Under just about any definition of tangent appropriate for non math majors, "tangent of ninety degrees" is virtually meaningless in that it does not have the same meaning as "tangent of x" for any other (appropriate) value of x.

Now, I agree that mathematical operations involving infinity are undefined, but if the limit of a series tends to infinity, we don't say that the series is 'undefined', we say it 'diverges'.

Right. We aren't talking about limits though. We're talking about right triangle trigonometry. If you want to talk about limits of real-valued functions, then you should say that. But since you brought up series, I'll remind you of the recent internet kerfuffle regarding ##\sum n=-1/12##. While there is a context in which that is true, it is not part of the "standard" interpretation of infinite sums. Furthermore, it would be misleading and (if you actually know what you're talking about) willfully dishonest to tell someone that the result of adding all of the positive integers together gives you -1/12.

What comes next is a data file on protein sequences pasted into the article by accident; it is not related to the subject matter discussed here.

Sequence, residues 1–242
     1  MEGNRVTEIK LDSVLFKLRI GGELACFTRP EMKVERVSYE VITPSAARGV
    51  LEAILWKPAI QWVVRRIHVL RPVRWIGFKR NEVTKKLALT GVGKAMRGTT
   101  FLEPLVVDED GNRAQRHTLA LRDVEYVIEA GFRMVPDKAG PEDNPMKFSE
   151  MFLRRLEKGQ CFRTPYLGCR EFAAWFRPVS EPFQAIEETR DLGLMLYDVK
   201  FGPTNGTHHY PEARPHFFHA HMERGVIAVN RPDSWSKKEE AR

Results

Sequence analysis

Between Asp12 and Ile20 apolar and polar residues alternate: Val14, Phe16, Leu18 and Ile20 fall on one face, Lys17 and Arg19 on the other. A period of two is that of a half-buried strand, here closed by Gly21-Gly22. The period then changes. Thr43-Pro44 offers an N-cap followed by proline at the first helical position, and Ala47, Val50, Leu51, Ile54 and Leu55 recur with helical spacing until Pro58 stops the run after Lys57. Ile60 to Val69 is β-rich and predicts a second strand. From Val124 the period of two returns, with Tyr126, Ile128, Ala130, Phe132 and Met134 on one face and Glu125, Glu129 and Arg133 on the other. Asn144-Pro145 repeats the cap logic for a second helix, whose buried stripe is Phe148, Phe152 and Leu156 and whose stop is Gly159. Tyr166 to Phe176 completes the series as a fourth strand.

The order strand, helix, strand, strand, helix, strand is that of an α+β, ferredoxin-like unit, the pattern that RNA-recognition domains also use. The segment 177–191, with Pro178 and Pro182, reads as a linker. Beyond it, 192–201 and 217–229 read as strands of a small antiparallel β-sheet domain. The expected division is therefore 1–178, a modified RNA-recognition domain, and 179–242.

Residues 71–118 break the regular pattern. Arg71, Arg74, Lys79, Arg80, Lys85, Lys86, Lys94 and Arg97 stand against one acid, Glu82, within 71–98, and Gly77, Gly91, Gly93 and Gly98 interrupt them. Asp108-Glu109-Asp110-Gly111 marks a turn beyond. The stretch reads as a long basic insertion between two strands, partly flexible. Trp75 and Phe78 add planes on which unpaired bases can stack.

What I am trying to convey to you is that it is dishonest and misleading to tell a precalculus student that tangent of 90 degrees is infinite.

BTW, I take the 'length of a circle' to means its circumference.

Oops. I meant to say sphere.

## 1. Why can't we apply trig ratios to any angle of a right triangle?

Trigonometric ratios, such as sine, cosine, and tangent, are based on the relationship between the sides of a right triangle and its angles. These ratios only apply to right triangles because they are defined by the ratios of the sides, which are specific to right triangles. This means that these ratios cannot be applied to other types of triangles or shapes.